The new headquarters building stands as a permanent reminder to all Marines of the example set by the Marine Aviator, Gen. Christian F. Schilt, for whom the building is now named. He was a pioneer in Marine Aviation who helped lay the foundation for modern Marine aviation through sheer flying skill and intimate knowledge of aircraft capabilities.

“General Davis, the commanding general of the 2nd Marine Aircraft Wing, and I got together and decided to nominate Gen. Schilt for this building,” said Col. Philip J. Zimmerman, commanding officer of Marine Corps Air Station Cherry Point.

Zimmerman also mentioned Brie Lehew, Cherry Point historian, was instrumental in the decision to name the building after Schilt.

“Not only because of his tremendous contributions to Marine Aviation, but also because of his development of aviation in support of ground forces. Those same strategies and concepts are being used today in Afghanistan by II Marine Expeditionary Force and 2nd MAW.”

Schilt enlisted in the Marine Corps during World War I and was assigned to the 1st Marine Aeronautical Company at Ponta Delgada, Azores. The company patrolled the seas for German U-Boats and was the first American aviation unit to serve overseas. The young Schilt, impressed by the aircraft, entered flight training when he returned to the United States and earned his wings in 1919.

According to Lehew, between the World Wars, the Banana Wars were raging and Schilt was sent to provide air support for Marines fighting in Caribbean and Central American countries. Here, he helped develop dive bombing techniques, performed the first ever casualty evacuation and was awarded the Medal of Honor.

According to his citation, his action took almost superhuman skill to accomplish.

Marines were fighting rebels in the Nicaraguan town of Quilali and were taking casualties. Schilt flew in an O2U-1 Corsair biplane, landed on a rough street while the town was burning down and with enemy fire directed at his fragile aircraft. Once in, he unloaded needed supplies and replacements while wounded were loaded aboard the aircraft. Schilt repeated this feat ten times, evacuating 18 Marines, delivering 1,400 pounds of supplies and dropping off a new officer to take charge of the battle. At least three of the 18 Marines would have died not for Schilt.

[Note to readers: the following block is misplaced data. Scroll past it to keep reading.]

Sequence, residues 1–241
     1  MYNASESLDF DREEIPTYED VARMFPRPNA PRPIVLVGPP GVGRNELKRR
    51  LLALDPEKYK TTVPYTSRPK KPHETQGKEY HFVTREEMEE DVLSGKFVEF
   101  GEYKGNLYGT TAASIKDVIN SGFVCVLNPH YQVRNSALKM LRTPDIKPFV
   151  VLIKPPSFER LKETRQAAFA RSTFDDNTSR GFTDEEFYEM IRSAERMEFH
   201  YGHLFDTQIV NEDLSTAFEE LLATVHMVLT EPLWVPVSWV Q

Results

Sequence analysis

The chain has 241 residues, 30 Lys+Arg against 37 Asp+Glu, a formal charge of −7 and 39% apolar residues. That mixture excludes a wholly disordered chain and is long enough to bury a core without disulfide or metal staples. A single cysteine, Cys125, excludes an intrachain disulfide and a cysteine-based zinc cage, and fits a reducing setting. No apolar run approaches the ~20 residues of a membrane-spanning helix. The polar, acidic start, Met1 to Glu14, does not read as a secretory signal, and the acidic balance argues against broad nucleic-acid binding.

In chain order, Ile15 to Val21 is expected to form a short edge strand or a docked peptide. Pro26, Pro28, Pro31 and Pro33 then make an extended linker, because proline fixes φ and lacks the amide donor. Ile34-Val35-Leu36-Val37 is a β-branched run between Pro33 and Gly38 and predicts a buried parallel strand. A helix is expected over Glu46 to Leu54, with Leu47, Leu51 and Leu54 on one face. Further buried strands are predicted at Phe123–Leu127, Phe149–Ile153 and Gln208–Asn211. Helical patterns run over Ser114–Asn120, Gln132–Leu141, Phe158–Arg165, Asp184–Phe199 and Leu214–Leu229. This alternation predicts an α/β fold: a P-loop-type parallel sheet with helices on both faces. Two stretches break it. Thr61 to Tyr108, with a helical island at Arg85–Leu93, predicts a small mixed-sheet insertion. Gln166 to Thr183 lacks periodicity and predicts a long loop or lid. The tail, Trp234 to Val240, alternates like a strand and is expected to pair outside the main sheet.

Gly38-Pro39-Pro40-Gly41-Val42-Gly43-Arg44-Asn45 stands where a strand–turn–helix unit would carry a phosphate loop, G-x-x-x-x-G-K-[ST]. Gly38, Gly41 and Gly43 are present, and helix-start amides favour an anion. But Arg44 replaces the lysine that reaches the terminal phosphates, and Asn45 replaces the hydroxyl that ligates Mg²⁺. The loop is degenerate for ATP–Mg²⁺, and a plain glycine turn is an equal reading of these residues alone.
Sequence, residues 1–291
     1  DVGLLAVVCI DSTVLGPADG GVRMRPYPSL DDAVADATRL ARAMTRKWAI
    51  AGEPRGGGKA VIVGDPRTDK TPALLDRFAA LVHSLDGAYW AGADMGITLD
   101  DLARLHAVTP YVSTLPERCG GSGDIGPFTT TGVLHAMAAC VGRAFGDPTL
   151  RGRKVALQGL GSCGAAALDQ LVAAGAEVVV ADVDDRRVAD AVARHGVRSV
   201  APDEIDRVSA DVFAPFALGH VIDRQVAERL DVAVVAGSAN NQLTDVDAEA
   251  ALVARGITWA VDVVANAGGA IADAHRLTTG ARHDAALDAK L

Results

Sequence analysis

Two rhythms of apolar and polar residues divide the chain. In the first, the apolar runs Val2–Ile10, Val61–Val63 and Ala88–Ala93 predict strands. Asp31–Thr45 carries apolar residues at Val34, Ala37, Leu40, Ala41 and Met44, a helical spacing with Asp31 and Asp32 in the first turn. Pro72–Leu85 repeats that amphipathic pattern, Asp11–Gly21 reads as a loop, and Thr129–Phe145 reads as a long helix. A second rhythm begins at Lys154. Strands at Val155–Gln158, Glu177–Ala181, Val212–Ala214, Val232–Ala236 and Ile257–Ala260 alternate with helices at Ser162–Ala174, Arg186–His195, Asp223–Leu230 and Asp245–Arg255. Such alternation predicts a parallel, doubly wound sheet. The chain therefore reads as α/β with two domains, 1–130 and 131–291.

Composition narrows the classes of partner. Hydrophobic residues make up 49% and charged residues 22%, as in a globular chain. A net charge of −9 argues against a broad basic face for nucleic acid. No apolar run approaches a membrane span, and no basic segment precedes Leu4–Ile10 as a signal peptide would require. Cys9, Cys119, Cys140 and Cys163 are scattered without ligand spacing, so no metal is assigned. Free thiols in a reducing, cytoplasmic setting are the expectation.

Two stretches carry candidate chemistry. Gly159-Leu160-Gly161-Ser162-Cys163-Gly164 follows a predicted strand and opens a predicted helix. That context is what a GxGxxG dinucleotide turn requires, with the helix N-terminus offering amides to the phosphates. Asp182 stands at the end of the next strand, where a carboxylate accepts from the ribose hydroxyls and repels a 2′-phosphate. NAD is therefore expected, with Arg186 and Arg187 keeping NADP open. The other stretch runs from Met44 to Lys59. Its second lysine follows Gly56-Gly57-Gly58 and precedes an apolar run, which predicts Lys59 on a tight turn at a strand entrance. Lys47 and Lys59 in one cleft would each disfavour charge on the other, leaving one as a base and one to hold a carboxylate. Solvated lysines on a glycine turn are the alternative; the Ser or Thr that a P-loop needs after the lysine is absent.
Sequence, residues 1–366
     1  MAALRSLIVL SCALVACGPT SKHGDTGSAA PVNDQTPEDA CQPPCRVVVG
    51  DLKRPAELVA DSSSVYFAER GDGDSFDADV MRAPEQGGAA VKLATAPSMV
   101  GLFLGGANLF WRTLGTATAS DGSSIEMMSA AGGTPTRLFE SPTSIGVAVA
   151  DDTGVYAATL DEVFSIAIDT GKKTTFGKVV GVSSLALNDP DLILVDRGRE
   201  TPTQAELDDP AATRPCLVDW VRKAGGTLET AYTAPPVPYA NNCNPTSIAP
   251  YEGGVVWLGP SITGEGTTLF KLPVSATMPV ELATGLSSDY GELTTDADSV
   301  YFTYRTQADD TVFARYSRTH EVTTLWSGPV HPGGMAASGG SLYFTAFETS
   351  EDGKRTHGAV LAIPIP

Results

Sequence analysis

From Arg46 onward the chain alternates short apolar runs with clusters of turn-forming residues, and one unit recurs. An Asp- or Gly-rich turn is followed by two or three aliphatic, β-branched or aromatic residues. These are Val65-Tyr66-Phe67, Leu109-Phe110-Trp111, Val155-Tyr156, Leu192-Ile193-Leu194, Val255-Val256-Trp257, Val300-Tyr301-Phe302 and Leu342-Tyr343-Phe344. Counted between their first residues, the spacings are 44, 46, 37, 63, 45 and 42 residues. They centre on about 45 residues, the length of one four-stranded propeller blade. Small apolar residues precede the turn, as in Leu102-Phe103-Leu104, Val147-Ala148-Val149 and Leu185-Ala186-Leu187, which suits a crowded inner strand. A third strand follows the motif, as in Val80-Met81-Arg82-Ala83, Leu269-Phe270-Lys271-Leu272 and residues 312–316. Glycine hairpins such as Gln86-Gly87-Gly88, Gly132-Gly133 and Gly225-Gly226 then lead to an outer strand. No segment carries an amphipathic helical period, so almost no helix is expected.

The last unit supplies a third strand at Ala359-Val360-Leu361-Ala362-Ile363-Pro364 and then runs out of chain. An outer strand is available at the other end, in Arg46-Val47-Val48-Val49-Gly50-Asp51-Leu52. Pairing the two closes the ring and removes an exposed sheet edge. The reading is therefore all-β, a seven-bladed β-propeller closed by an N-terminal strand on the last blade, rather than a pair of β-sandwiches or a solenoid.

With this feat and in flight competitions, Schilt proved himself an incredible pilot. He was named Chief Test Pilot at the Naval Aircraft Factory, Philadelphia, Pa. He helped develop the aircraft Naval and Marine Aviation would use for World War II. He would fly any aircraft, given the chance. According to official documents, Schilt flew at least 218 aircraft and helicopters throughout his 40-year career.

During World War II, he held several important positions. First, he was assigned to the American Embassy in England, observing the British Royal Air Force in battle. Afterward, he was assigned to 1st Marine Aircraft Wing and sent to Guadalcanal and the Solomon Islands. His next home front tour was as the second commanding officer of Marine Corps Air Station Cherry Point, N.C. He oversaw the massive expansion of the then new air station which provided training for Marine pilots. Today, 81 buildings constructed during his tenure are still standing.

His tour at Cherry Point continued when he was promoted to brigadier general and served as chief of staff and commanding general of 9th MAW, a World War II unit that trained pilots for combat. At the time, 9th MAW had 20,000 or more Marines aboard Cherry Point and outlying fields. In February of 1945, he returned to the Pacific and took command of 2nd MAW in October, which was stationed on Okinawa at the time.

Schilt returned stateside after commanding 2nd MAW but was back at the front with 1st MAW when the Korean War broke out in 1951. There, he won the Air Force Distinguished Service Medal for providing United Nations forces with “outstanding tactical air support.” Schilt was credited with integrating 1st MAW into the “Far East Air Forces interdiction program by implementing highly efficient fighter bomber, night intruder and night interdiction operations against enemy support missions,” in addition to other important functions. To celebrate the Marine Corps birthday that year, he led an 85 aircraft strike against the North Koreans.

After fighting in Korea, Schilt became the director of aviation for the Marine Corps and retired from that position as a four star general in 1957.

“It is often said that we stand on the shoulders of giants,” said Kit Hart, the director of combat camera. “His was a career of firsts that established him as a legendary pilot in his own day and who, over the course of that career, did as much or more for Marine Aviation than anyone. Enlisting as a private and advancing to the rank of general, he was a true pioneer, instrumental in the development of the close air support tactics that are still the mission of Marine Corps Aviation today.”